We are entering a post-multilingualism era where simply having many different languages is no longer sufficient either for individual or society as a whole, but where multiple ownership and more complex interweaving of languages and language varieties, and where boundaries between languages, between languages and other communicative means and the relationship between language and the nation-state are being constantly reassessed, broken or readjusted. No single nation or community can claim the sole ownership, authority and responsibility for any particular language, and no individual can claim to know an entire language, rather bits of many different languages.
Untethering languages from specific places and putting the focus back on the speakers also means reconsidering and reassessing the “complex interweaving of languages and language varieties”, as well as the “boundaries between languages”, by replacing the conception of monolingual and monovarietistic repertoires to a more heteroglossic and pluralistic perspective on language structure and use. Linguistic variation and contact-induced linguistic change have long been regarded as consequences of contact between stable and well-defined “communities” and language systems. Contrary to this view, conceptions such as trans or (poly)languaging (Jørgensen 2008; Blackledge y Creese 2010; García and Li 2014) came to the
fore, in order to focus attention on variation as a linguistic resource that speakers have at their disposal in their daily life, even in officially monolingual spaces.
In the field of Hispanic sociolinguistics, for example, these concepts have been largely used to shed light on the new glocal forms of speaking Spanish that adapt to different local contexts as a consequence of many Hispanic speakers’ processes of deterritorialization through the global space (García and Otheguy 2014). The mobile, dynamic and heteroglossic character of translingual practices within the Hispanic communities in Italy, for example, is evidence of this (Bonomi 2018, 2019; Calvi 2018).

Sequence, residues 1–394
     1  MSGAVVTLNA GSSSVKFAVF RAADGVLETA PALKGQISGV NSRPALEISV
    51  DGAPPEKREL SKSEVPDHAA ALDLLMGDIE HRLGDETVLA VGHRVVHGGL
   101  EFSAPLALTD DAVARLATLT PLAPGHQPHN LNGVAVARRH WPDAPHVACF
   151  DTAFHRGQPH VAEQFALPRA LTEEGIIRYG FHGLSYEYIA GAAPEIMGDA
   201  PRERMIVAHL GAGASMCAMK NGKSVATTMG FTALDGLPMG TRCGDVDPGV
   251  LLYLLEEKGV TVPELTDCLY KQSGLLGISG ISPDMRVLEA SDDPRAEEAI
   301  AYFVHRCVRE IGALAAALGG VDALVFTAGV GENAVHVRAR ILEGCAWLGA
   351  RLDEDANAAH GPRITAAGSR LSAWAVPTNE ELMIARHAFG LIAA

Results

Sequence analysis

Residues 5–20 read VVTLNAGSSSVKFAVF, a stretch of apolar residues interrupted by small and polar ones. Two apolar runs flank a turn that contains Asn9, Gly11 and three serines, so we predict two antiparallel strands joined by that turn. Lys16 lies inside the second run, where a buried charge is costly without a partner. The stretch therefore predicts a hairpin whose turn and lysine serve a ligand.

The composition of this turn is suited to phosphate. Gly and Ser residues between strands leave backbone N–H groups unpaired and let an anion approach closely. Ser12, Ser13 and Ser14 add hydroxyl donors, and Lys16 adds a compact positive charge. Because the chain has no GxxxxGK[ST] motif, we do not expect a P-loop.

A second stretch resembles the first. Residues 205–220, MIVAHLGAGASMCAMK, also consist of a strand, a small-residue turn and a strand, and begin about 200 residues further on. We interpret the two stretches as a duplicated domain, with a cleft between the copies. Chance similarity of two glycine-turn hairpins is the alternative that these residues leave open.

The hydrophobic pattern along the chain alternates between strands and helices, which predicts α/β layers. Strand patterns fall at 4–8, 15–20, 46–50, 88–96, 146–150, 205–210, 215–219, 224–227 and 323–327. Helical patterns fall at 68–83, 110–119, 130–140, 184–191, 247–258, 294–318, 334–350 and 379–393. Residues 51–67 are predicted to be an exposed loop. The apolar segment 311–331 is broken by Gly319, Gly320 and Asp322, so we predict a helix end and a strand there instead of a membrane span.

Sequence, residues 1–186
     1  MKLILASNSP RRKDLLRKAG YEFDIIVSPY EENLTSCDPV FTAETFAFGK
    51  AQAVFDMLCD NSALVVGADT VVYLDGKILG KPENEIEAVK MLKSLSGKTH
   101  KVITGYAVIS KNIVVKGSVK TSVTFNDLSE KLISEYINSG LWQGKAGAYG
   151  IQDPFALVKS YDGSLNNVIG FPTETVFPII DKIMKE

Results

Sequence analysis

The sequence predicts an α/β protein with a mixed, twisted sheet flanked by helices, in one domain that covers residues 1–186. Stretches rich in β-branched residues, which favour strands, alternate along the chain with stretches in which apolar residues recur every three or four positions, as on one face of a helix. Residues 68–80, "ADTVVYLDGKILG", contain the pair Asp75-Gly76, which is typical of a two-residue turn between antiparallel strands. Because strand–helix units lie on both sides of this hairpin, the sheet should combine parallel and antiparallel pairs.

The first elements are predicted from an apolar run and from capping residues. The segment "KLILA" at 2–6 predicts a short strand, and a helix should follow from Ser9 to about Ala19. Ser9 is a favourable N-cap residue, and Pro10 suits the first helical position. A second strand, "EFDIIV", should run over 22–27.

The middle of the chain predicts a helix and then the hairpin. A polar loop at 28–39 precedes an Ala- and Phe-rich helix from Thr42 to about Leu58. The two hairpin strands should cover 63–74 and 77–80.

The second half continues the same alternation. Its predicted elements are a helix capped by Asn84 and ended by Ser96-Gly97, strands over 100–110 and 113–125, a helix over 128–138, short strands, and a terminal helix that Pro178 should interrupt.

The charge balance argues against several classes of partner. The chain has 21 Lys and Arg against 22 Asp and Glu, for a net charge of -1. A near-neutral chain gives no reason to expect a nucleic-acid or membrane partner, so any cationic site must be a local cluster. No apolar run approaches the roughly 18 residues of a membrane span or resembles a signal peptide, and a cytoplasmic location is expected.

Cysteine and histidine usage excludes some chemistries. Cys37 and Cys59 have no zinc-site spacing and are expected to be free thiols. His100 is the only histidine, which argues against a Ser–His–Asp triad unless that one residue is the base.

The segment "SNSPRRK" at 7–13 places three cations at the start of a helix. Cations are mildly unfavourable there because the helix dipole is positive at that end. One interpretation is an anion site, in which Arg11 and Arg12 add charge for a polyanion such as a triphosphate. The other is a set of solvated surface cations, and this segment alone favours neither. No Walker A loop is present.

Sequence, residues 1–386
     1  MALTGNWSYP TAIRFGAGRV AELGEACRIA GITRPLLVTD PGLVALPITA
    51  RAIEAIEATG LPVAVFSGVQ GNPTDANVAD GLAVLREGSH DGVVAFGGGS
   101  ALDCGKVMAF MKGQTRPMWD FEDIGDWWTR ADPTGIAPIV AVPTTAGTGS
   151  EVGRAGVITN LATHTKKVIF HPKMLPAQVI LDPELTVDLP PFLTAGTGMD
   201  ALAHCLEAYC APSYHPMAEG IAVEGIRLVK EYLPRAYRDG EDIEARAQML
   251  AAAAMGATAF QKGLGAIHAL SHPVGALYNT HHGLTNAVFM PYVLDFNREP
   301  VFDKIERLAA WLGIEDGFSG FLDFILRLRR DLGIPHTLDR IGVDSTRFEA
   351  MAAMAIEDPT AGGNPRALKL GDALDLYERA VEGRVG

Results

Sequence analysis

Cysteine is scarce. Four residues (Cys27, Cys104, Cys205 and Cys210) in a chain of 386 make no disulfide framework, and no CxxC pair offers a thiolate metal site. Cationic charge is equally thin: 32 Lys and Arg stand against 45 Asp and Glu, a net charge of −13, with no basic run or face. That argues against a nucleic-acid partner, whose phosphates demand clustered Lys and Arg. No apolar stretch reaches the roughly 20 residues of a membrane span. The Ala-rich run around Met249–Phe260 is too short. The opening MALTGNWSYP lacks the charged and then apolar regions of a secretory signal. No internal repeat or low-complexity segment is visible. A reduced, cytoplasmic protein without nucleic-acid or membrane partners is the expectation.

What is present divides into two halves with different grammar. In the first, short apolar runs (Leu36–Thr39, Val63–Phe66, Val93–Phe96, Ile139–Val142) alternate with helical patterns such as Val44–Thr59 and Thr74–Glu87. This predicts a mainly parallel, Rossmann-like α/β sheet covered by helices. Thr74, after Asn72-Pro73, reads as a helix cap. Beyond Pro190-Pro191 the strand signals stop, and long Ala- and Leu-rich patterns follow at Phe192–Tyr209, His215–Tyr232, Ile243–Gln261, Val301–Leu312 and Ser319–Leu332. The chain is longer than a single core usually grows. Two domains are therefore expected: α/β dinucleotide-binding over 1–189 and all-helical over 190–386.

In spite of the fact that from the earliest times mobility has always been a prerogative of human beings and languages have always been created and evolved by incorporating elements from other speech communities to ensure their survival (Mufwene 2008), in contemporary societies heterogeneous language practices keep being treated as exceptions (Léglise 2018, 2021). As a matter of fact, the innovative and creative translingual practices of transnational speakers in Europe often have to encounter the immobility of perceptual and evaluation patterns still strongly determined by a modern ‘centre-periphery’ (or ‘North-South’) perspective, as happened with colonialism in other eras (Heller and McElhinny 2017; Mignolo 2010).
With these theoretical underpinnings in mind, the relationship between language, identity, culture and territorial space in a context strongly characterised by mobility and heterogeneity such as the post-modern one, will be explored through the narrative data presented in the following sections. The underlying aim is indeed to explore how mobility and the encounter between different mental spaces at different scales shape language practices and identities beyond a biunivocal and bounded relationship between language and local spaces.
According to many scholars (Baynham and De Fina 2005; De Fina and Tseng 2017; Keating 2019), in migration contexts the analyses of perceptions that emerge in the narratives of displaced subjectivities become particularly illuminating in understanding the relationship between language and power, and the way linguistic and other kinds of knowledge are produced and hierarchized. Within processes of language displacement and relocation, storytelling is also central to index ways of being, categories of inclusion or exclusion from groups, and as given conceptions about social behaviours and values. Narrative data are in fact excellent material
from which to explore how identity is constructed and negotiated in migratory contexts, as well as to examine how transnational speakers socially position themselves and on the power relations they interface with. Furthermore, storytelling are excellent tools for observing the dynamics of truncated repertoires (Blommaert 2010) and translingual practices in contemporary mobile societies. Last but not least, from an emic perspective, narratives also represent a way of giving voice to the protagonists of studies focusing on subjects with a migration background, who are very often excluded from the observations of their own practices.